We are often asked to review the bylaws applying to a community title scheme.
Regularly, our review identifies bylaws dealing with matters that are covered by provisions of the Body Corporate and Community Management Act or by the Regulation Module governing the scheme.
In our view, bylaws should not deal with matters provided for in the legislation.
If a bylaw simply restates a legislative provision, what happens to the bylaw in the event the legislation is amended in a manner which makes the bylaw inconsistent with the amended legislation? The bylaw will then offend the legislation and will be invalid.
One example we often come across is a bylaw which states a member of the committee can enter a lot on say 24 hours’ notice.
Such a bylaw, if challenged, would be ruled invalid as it offends section 163 of the Act.
Section 163 is the legislative provision dealing with the power to enter a lot.
The section provides a person authorised by the body corporate may enter a lot or common property the subject of an exclusive use grant and remain on the lot or the common property while it is reasonably necessary:
- to inspect the lot or common property and find out whether work the body corporate is authorised or required to carry out is necessary; or
- to carry out work the body corporate is authorised or required to carry out.
Other than in the case of an emergency, at least 7 days written notice of the intended entry must be given to:
- the owner or
- the occupier – if the owner is not the occupier.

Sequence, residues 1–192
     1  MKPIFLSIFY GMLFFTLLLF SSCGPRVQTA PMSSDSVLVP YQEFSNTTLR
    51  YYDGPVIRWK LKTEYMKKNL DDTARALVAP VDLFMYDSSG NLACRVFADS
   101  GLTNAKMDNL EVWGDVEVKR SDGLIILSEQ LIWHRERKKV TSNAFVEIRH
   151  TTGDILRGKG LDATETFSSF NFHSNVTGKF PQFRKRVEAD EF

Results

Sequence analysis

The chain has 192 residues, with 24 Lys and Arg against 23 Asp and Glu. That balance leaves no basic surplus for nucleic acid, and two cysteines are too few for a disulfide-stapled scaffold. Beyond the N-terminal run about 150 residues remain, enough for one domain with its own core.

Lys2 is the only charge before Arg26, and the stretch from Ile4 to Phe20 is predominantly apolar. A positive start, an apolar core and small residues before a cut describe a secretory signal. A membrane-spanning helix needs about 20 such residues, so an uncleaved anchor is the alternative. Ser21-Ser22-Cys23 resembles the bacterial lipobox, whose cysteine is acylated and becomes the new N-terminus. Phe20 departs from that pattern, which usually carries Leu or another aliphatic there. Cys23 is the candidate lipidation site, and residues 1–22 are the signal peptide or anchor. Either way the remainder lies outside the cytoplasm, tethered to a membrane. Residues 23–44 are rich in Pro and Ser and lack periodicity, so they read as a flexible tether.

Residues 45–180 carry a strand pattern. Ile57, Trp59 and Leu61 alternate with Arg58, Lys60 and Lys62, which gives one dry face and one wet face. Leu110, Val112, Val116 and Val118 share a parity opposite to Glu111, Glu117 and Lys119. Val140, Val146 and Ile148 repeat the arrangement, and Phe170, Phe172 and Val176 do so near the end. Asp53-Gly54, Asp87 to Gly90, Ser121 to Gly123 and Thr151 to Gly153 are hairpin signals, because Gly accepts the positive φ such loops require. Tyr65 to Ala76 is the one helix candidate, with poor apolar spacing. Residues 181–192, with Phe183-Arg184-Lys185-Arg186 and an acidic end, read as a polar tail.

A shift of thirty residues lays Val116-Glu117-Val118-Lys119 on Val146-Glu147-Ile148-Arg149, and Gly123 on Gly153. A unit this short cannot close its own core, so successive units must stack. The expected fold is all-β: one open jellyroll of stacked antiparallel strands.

Importantly, the right to entry under section 163 is only for the reasons stated in the legislation. One cannot simply exercise the right to look at the china!
Like everything In BoCo land, even when it comes to exercising the right under section 163, it must be reasonable for the body corporate to do so.
There is a recent decision of the Queensland Civil and Administrative Tribunal (Appeals) (“QCATA”) on appeal from an Adjudicator’s decision, stating it would not be reasonable for the body corporate in question to enter a lot, as distinct from the attached exclusive use balcony, in order to carry out routine gardening on the common property garden bed adjoining the EU balcony – even though the common property garden bed is only really accessible through the lot.
Regrettably, at the time of writing, the reasons for the QCATA decision have not been published. I can already sense the desire for another “Activated” on the issue in the event QCATA publishes its reasons.
If your bodies corporate wish to have their bylaws reviewed, Active Law would be delighted to assist, as we would be with any body corporate legal issue.
Until next time – keep “Active”.
Reliance on content the material distributed is general information only. The information supplied is not and is not intended to be, legal or other professional advice, nor should it be relied upon as such. You should seek legal or professional advice in relation to your specific situation.